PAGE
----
His father, who possessed high claims on the confidence and consideration of the British government, hastened to make known his afflictive case ; and letters were given to him from various members of the Royal Family, and from distinguished official men, to the court of Spain. Thither sped the anxious father; and by persevering importunity, obtained, though with great difficulty, the precious boon—an order for his son's immediate release—with this he again crossed the Atlantic, and had the unspeakable delight of delivering the poor captive, and conducting him once more to the arms of a rejoicing mother, a fond circle of brothers and sisters, to whom he appeared as one alive from the dead. Very sweet is my recollection of the jubilee among us, when those glad tidings reached his English friends : and our joy was increased, when informed that he considered his happiness incomplete, until he should have received in person the congratulations of those by whom he had been so long regarded as a son and a brother.

With this object in view, he repaired to one of the West Indian Isles; from whence a vessel was about to sail for our shores. She was very unfit, in the judgment of many, for a long voyage; but our young friend's ardent character prevailed over prudential considerations—he would not brook delay. He sailed—and we received tidings of the day and hour when he left the port: but other tidings never, never came, of the vessel or her freight.

Often have we sat round the fire-side of the venerable and venerated individual, who, with maternal fondness looked upon three generations of her numerous progeny : and while the tale of her darling grandson was again and again recounted, we have talked of pirates, and of shipwrecks on desolate places, whence after a long lapse of years the objects who were mourned as dead, have returned to overwhelm their sorrowing friends with unlooked-for joy. We have talked, until a knock at the hall-door, or the sound of a man's voice from without, has sent the thrill of undefined expectation through many a bosom; to be sueceeded by the starting tear, and half-uttered whis per of, ' His poor Mother ! what must she feel V It is true that the outline alone of this sad story is impressed on my mind ; but it is strongly engraven there : and from it I have drawn lessons of thankfulness under all my most trying afflictions. In every case, I had at least a melancholy certainty: I have not been left to endure the long torture of mocking hope—of that wild, obstinate clinging to bare and meagre possibility that the sorrows of my soul might be suddenly turned into unspeakable, worldly, joy. We do not half consider the measure of mercy that is given to sooth our bitterest grief. We do not, as we might, take a survey of what others have had to encounter, when wormwood has been added to their gall. There are some who would barter all the comforts left in their lot, for that which may be our deepest grief —the sight of a quiet grave, where the heart's most cherished treasure peacefully moulders beneath. They could be resigned, if they assuredly knew that all was indeed over: but that cruel phantom of hope for ever flits before their eyes ; and the spirit cannot rest—cannot turn away from the pictures that imagination is constantly pour-traying, of what may be reserved of future discovery, and reunion here. In ordinary cases, the vacated seat is again occupied: and the heart can struggle into acquiescence that so it should be: but alas for those, to whose sight a vacancy ever appears, which they cannot but feel may yet again be filled by the loved object to whom it was appropriated ! There is balm, indeed, for the Christian thus circumstanced : his faith is put into a more trying furnace : and a higher exercise of it demanded : but as his day, so shall his strength be. God doth not willingly afflict; this cross, and none other, was prepared for the individual, with a purpose of mercy for which he shall here glorify God in the fires of tribulation, and hereafter in the felicity of his eternal kingdom. Living or dead, the eye of the Father is upon all : and the sorrowful, the conditional prayer, with its heart-breaking clauses, ' if yet he liveth,' may be receiving an answer little understood by the tearful supplicant; or, should the subject of it have indeed passed beyond this mortal scene, and thus be moved out of the reach of our intercession, such prayer may return to the bosom that breathes it, with a blessing beyond his hopes.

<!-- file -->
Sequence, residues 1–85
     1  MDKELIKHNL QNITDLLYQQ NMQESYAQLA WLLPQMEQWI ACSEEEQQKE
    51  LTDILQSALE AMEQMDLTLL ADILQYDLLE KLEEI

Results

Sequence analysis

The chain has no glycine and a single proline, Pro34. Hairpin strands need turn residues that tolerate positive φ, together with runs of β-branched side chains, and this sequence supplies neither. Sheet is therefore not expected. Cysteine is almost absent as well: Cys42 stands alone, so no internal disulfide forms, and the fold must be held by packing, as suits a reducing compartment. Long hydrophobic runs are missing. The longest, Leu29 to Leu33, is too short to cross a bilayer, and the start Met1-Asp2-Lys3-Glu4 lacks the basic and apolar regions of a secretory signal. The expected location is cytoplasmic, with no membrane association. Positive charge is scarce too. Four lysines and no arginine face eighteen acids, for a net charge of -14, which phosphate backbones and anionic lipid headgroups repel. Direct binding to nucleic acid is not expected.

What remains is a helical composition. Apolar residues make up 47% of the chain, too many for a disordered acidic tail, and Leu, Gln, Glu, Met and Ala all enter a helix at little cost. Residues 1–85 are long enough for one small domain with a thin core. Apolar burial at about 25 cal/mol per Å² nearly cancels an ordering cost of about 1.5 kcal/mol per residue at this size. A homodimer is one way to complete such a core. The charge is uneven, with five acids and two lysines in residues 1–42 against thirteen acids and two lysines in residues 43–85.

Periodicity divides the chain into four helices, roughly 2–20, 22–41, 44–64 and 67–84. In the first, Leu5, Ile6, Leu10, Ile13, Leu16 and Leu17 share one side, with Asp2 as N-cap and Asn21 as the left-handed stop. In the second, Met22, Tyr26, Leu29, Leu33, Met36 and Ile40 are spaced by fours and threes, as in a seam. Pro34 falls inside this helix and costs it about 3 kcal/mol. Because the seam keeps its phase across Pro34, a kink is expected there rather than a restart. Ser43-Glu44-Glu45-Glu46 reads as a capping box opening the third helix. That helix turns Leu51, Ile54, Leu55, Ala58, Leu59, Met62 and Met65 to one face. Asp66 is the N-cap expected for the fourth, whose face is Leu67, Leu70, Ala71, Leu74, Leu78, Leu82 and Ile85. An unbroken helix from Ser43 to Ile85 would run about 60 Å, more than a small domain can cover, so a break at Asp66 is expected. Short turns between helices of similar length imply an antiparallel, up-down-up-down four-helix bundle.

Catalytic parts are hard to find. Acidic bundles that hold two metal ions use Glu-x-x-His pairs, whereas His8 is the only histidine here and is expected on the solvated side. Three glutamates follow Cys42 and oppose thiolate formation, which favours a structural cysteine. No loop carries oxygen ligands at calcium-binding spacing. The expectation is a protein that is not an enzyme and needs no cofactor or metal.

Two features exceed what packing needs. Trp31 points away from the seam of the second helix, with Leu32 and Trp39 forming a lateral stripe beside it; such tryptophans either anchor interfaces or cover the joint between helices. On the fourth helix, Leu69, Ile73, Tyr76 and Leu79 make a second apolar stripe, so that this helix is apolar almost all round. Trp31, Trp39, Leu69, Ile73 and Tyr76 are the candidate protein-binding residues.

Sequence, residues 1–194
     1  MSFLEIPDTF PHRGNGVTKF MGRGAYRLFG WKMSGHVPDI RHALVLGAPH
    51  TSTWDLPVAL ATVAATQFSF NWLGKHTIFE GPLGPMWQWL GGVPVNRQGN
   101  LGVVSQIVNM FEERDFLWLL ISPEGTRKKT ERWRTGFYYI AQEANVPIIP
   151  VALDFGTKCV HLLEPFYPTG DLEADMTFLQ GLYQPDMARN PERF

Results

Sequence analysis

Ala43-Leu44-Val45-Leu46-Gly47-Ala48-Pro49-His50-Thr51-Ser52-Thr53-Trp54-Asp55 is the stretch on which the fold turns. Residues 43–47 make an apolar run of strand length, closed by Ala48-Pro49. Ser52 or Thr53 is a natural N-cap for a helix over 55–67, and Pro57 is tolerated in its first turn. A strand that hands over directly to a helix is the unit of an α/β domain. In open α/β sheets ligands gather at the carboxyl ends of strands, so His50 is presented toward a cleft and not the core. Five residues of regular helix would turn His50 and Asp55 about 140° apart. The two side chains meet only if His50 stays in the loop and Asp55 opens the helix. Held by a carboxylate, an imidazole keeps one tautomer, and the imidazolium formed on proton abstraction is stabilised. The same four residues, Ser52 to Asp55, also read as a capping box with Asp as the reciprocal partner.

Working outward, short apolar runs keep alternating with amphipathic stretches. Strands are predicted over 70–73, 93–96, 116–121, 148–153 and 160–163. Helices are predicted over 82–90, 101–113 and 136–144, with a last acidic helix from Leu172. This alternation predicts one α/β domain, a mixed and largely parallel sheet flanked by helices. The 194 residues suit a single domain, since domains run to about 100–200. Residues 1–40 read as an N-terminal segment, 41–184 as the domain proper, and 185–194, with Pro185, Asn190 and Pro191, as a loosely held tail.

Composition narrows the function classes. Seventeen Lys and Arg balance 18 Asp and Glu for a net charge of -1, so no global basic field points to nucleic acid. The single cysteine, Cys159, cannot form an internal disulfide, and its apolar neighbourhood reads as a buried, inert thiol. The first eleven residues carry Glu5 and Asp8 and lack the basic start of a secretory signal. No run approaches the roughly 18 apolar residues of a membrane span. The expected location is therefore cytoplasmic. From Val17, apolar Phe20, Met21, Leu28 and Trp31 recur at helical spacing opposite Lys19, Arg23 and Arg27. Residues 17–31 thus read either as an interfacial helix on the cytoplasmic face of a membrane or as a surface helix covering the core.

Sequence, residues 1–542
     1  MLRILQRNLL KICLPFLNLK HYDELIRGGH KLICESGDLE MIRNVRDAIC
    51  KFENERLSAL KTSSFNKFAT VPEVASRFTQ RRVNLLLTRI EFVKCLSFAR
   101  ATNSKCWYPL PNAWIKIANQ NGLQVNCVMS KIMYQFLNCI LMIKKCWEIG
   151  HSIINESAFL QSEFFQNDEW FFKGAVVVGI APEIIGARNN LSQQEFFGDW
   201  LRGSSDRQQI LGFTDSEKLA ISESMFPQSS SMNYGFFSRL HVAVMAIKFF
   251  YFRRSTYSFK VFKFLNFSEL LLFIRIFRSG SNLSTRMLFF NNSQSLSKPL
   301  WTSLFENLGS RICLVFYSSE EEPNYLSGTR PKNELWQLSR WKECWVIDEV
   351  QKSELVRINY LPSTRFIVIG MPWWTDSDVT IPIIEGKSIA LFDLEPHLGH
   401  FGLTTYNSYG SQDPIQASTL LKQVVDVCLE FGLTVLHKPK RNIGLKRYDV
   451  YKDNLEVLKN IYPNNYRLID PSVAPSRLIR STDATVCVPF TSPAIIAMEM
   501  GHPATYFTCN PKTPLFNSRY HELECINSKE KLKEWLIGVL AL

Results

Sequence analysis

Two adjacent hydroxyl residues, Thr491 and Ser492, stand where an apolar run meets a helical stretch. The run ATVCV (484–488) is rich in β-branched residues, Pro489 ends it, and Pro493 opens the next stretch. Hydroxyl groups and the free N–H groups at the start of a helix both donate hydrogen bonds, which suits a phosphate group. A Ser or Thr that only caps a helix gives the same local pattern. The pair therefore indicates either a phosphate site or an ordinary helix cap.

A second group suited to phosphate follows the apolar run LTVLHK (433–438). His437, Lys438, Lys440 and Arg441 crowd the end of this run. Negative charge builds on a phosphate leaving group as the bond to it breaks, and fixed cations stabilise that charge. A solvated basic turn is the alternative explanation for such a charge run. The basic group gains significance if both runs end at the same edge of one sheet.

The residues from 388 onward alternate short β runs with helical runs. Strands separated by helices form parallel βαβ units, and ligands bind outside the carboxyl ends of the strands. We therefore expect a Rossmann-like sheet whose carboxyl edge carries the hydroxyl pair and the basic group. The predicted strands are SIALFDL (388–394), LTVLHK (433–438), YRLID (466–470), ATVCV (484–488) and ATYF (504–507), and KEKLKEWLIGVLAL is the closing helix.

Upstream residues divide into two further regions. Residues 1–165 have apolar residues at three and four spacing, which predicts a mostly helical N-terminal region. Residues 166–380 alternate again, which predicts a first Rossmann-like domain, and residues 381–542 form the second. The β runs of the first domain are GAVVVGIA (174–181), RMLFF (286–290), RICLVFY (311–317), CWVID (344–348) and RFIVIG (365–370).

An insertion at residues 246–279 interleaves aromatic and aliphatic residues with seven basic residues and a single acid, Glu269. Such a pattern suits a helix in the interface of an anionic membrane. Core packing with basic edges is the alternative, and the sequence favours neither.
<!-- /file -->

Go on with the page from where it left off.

Over his providential dealings, the Lord sometimes draws a thick veil; and upon its surface we discern only these words. " Trust in Him at all times." May He enable the afflicted soul to respond, " Though He slay me, yet will I trust in Him".